# Rotational Motion Problem - 2

1. Dec 16, 2013

### coldblood

Hi friends,

The problem is as:

https://fbcdn-sphotos-a-a.akamaihd.net/hphotos-ak-frc3/q71/s720x720/1471110_1461726330721139_1078073816_n.jpg

Attempt:

https://fbcdn-sphotos-g-a.akamaihd.net/hphotos-ak-prn2/1486585_1461727017387737_725847173_n.jpg

2. Dec 16, 2013

### haruspex

I don't think there's any shortcut here. Write out the usual force/torque/acceleration equations, assuming rolling contact and taking the point of application of F to be some height x above the centre of mass. It doesn't say whether the cylinder is uniform, so maybe put I as the Moment of Inertia for now.

3. Dec 17, 2013

### coldblood

Taking torque about the centre point and let the cylinder to be uniform,

F. (x) + f(R) = (I).α
=> F(x) + f(R) = 1/2 MR2
=>Fx + fR = MR2 α/2 - - - - - - -(1)

Force equation,

F - f = ma (a be the acceleration of c.o.m.) and for no slipping, a = Rα

So, F - f = mRα - - - - - - -- - (2)

4. Dec 17, 2013

### haruspex

So eliminate α to find f as a function of x.

5. Dec 17, 2013

### coldblood

f = F - [2F(R+x)]/ 3MR2

6. Dec 17, 2013

### haruspex

No, that's dimensionally incorrect. Try it again.

7. Dec 17, 2013

### coldblood

Yes, Sorry for this.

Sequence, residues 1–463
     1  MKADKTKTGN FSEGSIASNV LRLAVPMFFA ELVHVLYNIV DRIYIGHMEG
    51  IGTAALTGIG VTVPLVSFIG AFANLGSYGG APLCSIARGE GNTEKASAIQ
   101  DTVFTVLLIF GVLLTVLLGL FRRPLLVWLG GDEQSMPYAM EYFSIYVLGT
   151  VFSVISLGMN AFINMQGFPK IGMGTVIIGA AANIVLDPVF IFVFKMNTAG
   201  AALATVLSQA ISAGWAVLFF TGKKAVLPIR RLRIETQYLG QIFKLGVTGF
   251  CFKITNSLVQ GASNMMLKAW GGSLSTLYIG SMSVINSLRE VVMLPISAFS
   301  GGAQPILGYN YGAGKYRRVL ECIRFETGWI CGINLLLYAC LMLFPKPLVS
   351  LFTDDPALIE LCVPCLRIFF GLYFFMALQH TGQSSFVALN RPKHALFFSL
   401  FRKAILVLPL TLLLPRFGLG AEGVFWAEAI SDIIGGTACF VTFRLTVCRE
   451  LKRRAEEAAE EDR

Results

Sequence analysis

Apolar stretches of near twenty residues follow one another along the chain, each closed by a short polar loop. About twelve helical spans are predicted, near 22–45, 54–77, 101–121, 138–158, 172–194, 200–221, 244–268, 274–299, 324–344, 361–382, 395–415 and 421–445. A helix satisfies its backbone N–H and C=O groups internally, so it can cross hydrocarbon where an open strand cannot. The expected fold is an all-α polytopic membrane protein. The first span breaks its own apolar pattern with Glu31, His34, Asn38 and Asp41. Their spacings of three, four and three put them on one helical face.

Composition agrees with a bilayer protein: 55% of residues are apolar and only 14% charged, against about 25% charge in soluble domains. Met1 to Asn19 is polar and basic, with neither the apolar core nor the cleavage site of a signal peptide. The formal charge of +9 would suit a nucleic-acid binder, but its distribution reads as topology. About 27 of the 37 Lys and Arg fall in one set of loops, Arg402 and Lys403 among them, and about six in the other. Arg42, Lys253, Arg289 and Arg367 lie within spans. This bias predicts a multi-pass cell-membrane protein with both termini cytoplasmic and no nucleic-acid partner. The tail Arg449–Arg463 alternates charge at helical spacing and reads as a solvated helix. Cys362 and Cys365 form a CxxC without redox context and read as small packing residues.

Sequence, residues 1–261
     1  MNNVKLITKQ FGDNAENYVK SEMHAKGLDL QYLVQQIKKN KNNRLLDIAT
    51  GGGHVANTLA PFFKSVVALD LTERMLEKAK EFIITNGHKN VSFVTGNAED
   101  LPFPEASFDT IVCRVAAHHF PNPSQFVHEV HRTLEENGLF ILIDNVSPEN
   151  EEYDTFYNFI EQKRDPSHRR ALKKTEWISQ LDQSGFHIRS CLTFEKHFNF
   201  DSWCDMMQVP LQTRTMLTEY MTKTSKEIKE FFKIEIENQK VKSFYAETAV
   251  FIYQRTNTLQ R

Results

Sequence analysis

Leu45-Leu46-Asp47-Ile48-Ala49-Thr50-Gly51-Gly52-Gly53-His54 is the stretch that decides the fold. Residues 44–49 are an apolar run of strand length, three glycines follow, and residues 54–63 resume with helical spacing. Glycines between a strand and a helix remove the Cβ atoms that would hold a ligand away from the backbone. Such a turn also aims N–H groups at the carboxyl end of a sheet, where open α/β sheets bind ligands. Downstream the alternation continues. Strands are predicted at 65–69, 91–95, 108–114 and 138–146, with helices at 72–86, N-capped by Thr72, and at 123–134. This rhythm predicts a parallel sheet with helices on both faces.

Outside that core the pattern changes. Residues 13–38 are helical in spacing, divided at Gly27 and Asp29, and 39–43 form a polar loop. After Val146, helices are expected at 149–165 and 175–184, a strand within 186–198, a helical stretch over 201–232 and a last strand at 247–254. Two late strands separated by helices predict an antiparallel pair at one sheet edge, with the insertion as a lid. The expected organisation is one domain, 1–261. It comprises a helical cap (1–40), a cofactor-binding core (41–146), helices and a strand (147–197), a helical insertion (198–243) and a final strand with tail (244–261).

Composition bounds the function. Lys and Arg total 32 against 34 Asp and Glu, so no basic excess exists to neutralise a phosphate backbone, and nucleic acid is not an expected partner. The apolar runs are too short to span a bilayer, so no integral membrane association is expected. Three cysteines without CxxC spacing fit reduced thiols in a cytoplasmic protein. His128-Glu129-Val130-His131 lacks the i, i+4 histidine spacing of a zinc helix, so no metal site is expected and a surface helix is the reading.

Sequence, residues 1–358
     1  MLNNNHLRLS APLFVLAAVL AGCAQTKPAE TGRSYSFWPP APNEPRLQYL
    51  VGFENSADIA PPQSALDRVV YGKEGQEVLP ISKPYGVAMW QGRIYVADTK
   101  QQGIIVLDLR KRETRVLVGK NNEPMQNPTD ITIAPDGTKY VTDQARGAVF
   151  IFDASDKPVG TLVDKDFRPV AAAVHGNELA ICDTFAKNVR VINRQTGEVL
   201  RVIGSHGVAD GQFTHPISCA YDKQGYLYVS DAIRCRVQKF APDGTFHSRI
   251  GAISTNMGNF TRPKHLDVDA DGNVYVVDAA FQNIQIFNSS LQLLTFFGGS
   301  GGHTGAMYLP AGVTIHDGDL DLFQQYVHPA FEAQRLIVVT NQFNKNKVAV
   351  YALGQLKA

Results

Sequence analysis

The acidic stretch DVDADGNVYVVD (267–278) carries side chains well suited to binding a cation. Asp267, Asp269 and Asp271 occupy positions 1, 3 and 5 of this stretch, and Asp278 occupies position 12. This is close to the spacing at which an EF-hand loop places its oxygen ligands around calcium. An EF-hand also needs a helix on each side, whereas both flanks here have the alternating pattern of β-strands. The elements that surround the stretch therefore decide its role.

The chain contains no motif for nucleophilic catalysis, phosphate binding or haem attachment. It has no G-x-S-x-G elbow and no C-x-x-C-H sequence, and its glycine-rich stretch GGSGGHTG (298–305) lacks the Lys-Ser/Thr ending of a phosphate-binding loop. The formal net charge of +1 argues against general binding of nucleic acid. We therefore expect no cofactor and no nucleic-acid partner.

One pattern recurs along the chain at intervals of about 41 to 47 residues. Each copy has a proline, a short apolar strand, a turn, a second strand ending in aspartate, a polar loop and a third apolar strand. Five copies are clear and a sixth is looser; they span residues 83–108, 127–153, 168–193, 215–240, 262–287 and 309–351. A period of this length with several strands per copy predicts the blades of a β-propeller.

The correct one is,

f = F - [F(x + R)]/ 2R ; 0≤x≤R

Here, x can not exceed R.

For x = 0, f = F/2 i.e. translational motion is happening.
For x = R, f = 0 i.e. pure rolling

But for any value of x < R, f will have some positive value. i.e. it will act backwards.

8. Dec 17, 2013

### haruspex

Still not right. You should get a term like 3Rf.

9. Dec 17, 2013

### tiny-tim

hi coldblood!
yes there is

take torque about the bottom of the cylinder (the point of contact and centre of rotation)

[you can do τ = Iα about a moving point provided

i] it is the centre of mass

or

ii] it is the centre of rotation and the centre of rotation is moving in a straight line parallel to the centre of mass ]​

10. Dec 17, 2013

### haruspex

I merely meant that you can't reason it out without getting into equations (as had been attempted in the OP). Yes, some routes to the equations are distinctly faster than others.

11. Dec 17, 2013

### coldblood

are the equations which I wrote in post 3 right?

12. Dec 18, 2013

### coldblood

Yes I got the correct equation,

3Rf = F (R - 2x)

13. Dec 18, 2013

### haruspex

Good. Now, what is the range of possible values of x?

14. Dec 18, 2013

### coldblood

3Rf = F (R - 2x)

x lies between 0 to R
when x = 0, f = F/3
when x = R, f = - f/3
when x = R/2, f = 0

15. Dec 18, 2013

### haruspex

Right. Can you select an answer now?

16. Dec 19, 2013

### coldblood

Well the confusion which is arising is that I got the function

3Rf = F (R - 2x)

x lies between 0 to R
when x = 0, f = F/3
when x = R, f = - f/3
when x = R/2, f = 0

using the condition of pure rolling, I used a = Rα for the bottom point.

17. Dec 19, 2013

### haruspex

Right, and that does match one of A, B, C, D. Which one?

18. Dec 19, 2013

### coldblood

Last one when x = R/2, f = 0, Because during pure rolling contact point does not slip. Hence friction is zero.

19. Dec 19, 2013

### haruspex

No, x can be anything from 0 to 2R. You need an answer that's valid for any x. If x is not R/2 there will be a frictional force.

You said friction = 0 was the last choice. It's the third choice of four.

20. Dec 19, 2013

### coldblood

I got it. That means Any of the choice could be there. Hence Can't be interpreted?